Sirius XM Radio Inc. (SIRI) agreed to buy the connected-vehicle services business of Agero Inc. for $530 million, allowing the satellite-radio broadcaster to provide Web-connected services for cars such as safety and navigation.
The cash transaction is expected to be completed in the fourth quarter, New York-based Sirius said today in a statement. The Agero unit makes software that is embedded in vehicles for security and other purposes, Bill McLaughlin, a spokesman for Agero, said in an interview.
The deal, the first at the satellite-radio broadcaster since Sirius’s merger with XM Satellite Radio in 2008, would help build on Sirius’s bid to move beyond radio to so-called telematics, which connects cars with wireless technology. The company announced a partnership with AT&T Inc. last month that connects Nissan Motor Co. (7201) autos in North America with emergency support, stolen vehicle tracking and roadside assistance.
“We expect telematics to develop into a meaningful business for Sirius XM over time, and also provide some comfort to investors that Sirius XM has something to gain from the connected car, rather than simply facing more audio competition,” James Marsh, an equity analyst at Piper Jaffray Cos. in New York, said in a research note.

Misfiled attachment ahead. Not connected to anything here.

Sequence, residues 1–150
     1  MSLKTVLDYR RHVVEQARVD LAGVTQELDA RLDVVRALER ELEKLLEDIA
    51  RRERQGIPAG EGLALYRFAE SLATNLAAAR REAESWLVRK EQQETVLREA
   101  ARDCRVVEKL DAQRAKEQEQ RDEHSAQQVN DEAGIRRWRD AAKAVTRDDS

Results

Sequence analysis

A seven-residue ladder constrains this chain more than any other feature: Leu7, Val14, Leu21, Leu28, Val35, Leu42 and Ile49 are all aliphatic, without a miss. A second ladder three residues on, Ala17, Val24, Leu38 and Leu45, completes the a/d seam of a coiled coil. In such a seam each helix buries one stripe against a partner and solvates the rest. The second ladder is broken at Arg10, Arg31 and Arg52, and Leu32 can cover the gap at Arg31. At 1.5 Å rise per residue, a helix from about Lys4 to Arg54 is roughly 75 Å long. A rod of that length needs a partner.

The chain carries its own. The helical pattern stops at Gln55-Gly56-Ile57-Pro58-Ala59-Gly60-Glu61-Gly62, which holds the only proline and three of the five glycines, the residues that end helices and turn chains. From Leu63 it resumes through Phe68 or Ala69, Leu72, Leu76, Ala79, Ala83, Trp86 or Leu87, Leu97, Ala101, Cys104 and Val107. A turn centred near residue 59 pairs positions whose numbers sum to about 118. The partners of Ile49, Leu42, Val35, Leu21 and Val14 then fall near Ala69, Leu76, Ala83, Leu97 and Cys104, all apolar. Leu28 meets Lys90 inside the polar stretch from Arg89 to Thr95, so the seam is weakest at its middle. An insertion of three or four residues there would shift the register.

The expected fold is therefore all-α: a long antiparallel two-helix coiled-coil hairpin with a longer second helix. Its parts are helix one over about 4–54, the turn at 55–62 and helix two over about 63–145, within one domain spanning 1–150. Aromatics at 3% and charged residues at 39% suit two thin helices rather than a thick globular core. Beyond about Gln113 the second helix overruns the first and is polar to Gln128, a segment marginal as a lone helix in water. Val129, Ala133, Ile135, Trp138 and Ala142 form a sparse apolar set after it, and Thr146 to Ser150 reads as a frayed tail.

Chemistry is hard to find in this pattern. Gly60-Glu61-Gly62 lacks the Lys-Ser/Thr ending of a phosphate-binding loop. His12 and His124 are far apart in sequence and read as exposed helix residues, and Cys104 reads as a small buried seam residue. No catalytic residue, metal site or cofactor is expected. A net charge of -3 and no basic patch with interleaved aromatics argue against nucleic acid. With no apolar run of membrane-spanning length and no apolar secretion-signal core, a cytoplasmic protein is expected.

Marsh has the equivalent of a buy rating on Sirius’s stock.
Following today’s purchase, Sirius will provide connected-vehicle services, such as real-time navigation, to more automotive manufacturers, including BMW, Honda and Hyundai, than any other provider, according to the statement. Sirius, home to Howard Stern, currently offers radio and data services in more than 50 million vehicles.
“The transaction accelerates Sirius XM’s development in architecture supporting connected-vehicle services, as well as the ability to provide services over both satellite and cellular networks,” Sirius Chief Executive Officer Jim Meyer said in the statement.
Sirius fell 1.7 percent to $3.70 at the close in New York. The shares have advanced 28 percent this year.
John Malone’s Liberty Media Corp. (LMCA) gained majority control of Sirius in January. Liberty Media CEO Greg Maffei became Sirius’s chairman in April as part of a board shakeup. Mel Karmazin stepped down from the CEO job last year after clashing with Malone, who provided a $530 million loan to Sirius in 2009 that kept the broadcaster out of bankruptcy.
Meyer was named CEO permanently in April after more than eight years as Sirius’s president of sales and operations.
Morgan Stanley acted as financial adviser to Sirius. Closely held Agero is based in Medford, Massachusetts.
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